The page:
My mom died on April 1, just a little over two weeks ago. I don’t know which cliché to use – does it feel like yesterday or years? Both, I guess.

My mom was a young 74 and did all the healthy things – the exercising, the kale, the vitamins, the check-ups. I look like an ICU patient compared to my mom’s dedication to health so when my Dad, who is 86, called my cell phone on April 1, at 4:53 pm, gasping and unable to talk, I immediately assumed he needed medical help.

I couldn’t hear him well, I was at a pool bar happy hour with friends, and the connection was bad. I yelled – and I mean yelled – into the phone, “DAD, DO I NEED TO CALL 911?”

“I called them already, Becca. It’s your mom.”

And then I realized he wasn’t gasping. He was sobbing.

I don’t really remember the details of sprinting to the front of the resort, but I know I did. I know I screamed to the valet that I had an emergency and begged him to get my car first, and he did. I know I remembered to tip the guy who brought my car because apparently social norms are still important to me in times of crisis.

I called my brother, Andy, and scream-ordered him to get to our parents’ house that minute because something was wrong with mom. Not my best delivery (sorry, Andy). I called my sister, Jana, calmer this time, who lives here but was traveling for work.

And then I drove. My mom was gone by the time I got there. She was gone by the time my dad called.

I got to my parents’ house (I can’t say “Dad’s house,” I’m not sure I’ll ever be able to say that) and let myself in. My dad was right where I knew I’d find him, sitting at the breakfast table off the kitchen. It’s where he read the paper, worked on his computer, and talked to my mom while she puttered in the kitchen.

Dad saw me and started crying. I walked over and hugged him. My brother and I were still processing. But my dad was the one who found her and he knew this was very real.

My brother pulled me aside to fill me in on what he knew. I asked why in the hell an officer with the Scottsdale PD was sitting at the breakfast table with my dad, taking notes. Apparently, when someone dies at home, there’s an automatic investigation. Oh. I mean, it makes sense, but it’s a tad unsettling. That kind officer spent the majority of the night with us. What a job.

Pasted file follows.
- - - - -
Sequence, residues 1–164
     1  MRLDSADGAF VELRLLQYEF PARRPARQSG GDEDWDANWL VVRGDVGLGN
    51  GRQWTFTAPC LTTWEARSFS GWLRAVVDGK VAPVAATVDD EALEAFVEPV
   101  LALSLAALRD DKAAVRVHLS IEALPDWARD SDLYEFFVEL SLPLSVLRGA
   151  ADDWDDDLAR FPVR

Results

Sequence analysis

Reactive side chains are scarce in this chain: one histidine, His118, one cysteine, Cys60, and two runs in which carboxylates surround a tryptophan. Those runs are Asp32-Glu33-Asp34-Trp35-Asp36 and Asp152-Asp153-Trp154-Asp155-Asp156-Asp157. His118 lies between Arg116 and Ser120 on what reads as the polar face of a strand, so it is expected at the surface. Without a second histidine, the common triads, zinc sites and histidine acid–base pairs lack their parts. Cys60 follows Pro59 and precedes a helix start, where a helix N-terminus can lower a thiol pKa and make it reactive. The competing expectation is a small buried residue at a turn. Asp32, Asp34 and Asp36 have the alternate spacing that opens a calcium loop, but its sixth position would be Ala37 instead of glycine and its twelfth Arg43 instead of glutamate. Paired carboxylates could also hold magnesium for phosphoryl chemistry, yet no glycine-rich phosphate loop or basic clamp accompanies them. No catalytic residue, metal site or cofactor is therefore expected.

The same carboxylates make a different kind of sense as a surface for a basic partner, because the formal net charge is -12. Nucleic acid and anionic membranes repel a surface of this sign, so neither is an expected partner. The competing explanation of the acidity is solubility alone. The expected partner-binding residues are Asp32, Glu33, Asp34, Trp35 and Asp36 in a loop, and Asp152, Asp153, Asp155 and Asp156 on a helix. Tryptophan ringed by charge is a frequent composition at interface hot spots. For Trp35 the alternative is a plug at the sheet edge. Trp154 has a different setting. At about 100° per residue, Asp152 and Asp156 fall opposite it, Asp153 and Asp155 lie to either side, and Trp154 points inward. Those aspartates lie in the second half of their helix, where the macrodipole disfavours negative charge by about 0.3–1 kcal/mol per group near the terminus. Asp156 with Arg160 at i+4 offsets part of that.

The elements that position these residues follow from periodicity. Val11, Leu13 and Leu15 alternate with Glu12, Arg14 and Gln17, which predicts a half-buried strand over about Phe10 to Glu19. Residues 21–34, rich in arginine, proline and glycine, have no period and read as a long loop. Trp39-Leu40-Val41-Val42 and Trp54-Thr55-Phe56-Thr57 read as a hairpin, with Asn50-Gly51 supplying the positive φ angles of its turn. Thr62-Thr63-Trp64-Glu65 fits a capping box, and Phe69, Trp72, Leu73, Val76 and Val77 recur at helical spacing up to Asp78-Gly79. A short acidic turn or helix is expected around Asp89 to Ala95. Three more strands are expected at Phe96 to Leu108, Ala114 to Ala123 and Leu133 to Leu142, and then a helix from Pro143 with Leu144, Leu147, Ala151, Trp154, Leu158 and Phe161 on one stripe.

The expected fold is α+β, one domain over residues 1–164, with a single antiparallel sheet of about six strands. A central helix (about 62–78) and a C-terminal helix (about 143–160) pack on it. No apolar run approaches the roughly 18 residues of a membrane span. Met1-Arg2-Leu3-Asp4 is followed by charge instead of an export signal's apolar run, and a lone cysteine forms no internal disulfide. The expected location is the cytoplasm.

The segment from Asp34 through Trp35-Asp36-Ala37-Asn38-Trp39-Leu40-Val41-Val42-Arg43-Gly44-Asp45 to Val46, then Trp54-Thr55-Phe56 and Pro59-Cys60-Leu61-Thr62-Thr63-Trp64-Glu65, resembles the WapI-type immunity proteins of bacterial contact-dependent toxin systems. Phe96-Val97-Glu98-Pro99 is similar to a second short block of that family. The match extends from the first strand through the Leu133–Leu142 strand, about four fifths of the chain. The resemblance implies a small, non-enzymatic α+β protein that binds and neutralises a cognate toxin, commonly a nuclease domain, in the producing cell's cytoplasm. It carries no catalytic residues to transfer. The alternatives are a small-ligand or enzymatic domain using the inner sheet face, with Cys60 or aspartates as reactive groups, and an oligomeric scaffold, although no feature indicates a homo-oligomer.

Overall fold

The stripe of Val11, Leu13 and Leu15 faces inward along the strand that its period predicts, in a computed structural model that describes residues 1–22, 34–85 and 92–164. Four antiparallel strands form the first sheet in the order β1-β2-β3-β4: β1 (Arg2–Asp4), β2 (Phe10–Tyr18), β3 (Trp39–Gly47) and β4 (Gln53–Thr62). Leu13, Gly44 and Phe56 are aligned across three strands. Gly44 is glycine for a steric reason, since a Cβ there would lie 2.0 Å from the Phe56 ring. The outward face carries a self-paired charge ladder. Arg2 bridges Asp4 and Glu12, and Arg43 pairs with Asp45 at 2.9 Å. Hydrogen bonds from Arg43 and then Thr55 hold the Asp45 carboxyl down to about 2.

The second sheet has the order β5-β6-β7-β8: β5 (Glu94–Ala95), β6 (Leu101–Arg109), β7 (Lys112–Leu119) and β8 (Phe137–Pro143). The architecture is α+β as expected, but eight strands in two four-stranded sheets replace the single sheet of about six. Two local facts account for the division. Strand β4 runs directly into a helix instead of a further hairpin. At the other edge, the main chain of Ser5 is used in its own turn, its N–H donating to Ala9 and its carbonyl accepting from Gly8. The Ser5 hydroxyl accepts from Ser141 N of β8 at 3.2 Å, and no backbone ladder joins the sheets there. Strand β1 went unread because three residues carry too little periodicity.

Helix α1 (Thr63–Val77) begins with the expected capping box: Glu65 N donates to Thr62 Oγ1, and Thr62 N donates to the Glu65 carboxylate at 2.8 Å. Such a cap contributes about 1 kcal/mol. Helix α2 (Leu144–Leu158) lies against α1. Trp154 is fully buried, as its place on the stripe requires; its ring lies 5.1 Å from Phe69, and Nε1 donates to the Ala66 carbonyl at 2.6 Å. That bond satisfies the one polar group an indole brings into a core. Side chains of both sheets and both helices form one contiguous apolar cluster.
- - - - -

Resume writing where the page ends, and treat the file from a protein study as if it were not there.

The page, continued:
My mom was in her bedroom, where she had died.

The officer helped us through the doctor and death certificate issues, the medical examiner, the mortuary calls. Somehow we handled it, step by step. My dad phased in and out of shock and grief. He went to lay down with my mom several times, begging her to please get up. My brother and I walked into the guest room when we started to lose it, wordlessly agreeing that our dad’s well-being took center stage. We talked to our sister, Jana, on the phone as she scrambled to get a flight home. We were painfully aware that we weren’t talking to Jodi, our oldest sister, who died six months ago.

Finally, at, I don’t honestly remember, 9 or 10pm-ish, the mortuary came. What a job, I’ll say for the second time. He was gentle and kind and professional, exactly like the movies. He stood in the foyer, he never sat down, and explained that he would answer all of our questions, then leave and come back inside with the gurney. He asked if we wanted to see her – some people want to see the face and say goodbye, some want the body covered, it’s our preference, he said.

This visual of my vibrant, energetic mom on a gurney about did me in. I hung in there through the rude on-call doctor, the neighbor texting my dad about the police presence, scheduling the biohazard cleanup, my dad laying down with my dead mother…I hung in there. But the gurney. Sweet Jesus.

We asked him to cover her entirely. My dad had seen her, Andy and I didn’t want to, not like this, we would say goodbye later. The mortuary man (I’m sorry, sir, I know you have a name) came back into the house with the gurney and went into the bedroom without a word. He came out and told us he was ready. We nodded and he wordlessly went back in to get my mom.

I went into the guest room. I paced, I chewed my lip, I talked to myself. I don’t know if I can do this, I don’t know if I can watch this. I peeked out of the room and saw my dad, my brother, and the officer all standing up, in a line, waiting respectfully for my mom. Mom. MOM, what should I do. We don’t know who we are as a family without you. I can’t. Tears streamed, I went back in the guest room, I texted my sister, I spiraled. I heard the gurney wheels hit the wood floor of the entryway. MOM!! OMG, OMG my mom.

My brother quietly but firmly said, “Becca.”

That pulled me together. Ok, it’s time and I need to be here. I took my place in line. We were silent. The mortuary man pushed my mom, covered in a thick, gray sheet, and stopped in the large foyer as he went to open the door. The outline of her petite frame looked so small compared to the large, arched wood and iron front door as it swung open. We watched, not moving, as he carefully started to move my mom out the doorway.

We watched as she left her home for the last time. As she disappeared through the doorway, I stepped forward and waved to her just like I did a thousand times as a child and called after her, “Bye, Mom.”  


Susan Wetherill Smith
July 15, 1947 – April 1, 2022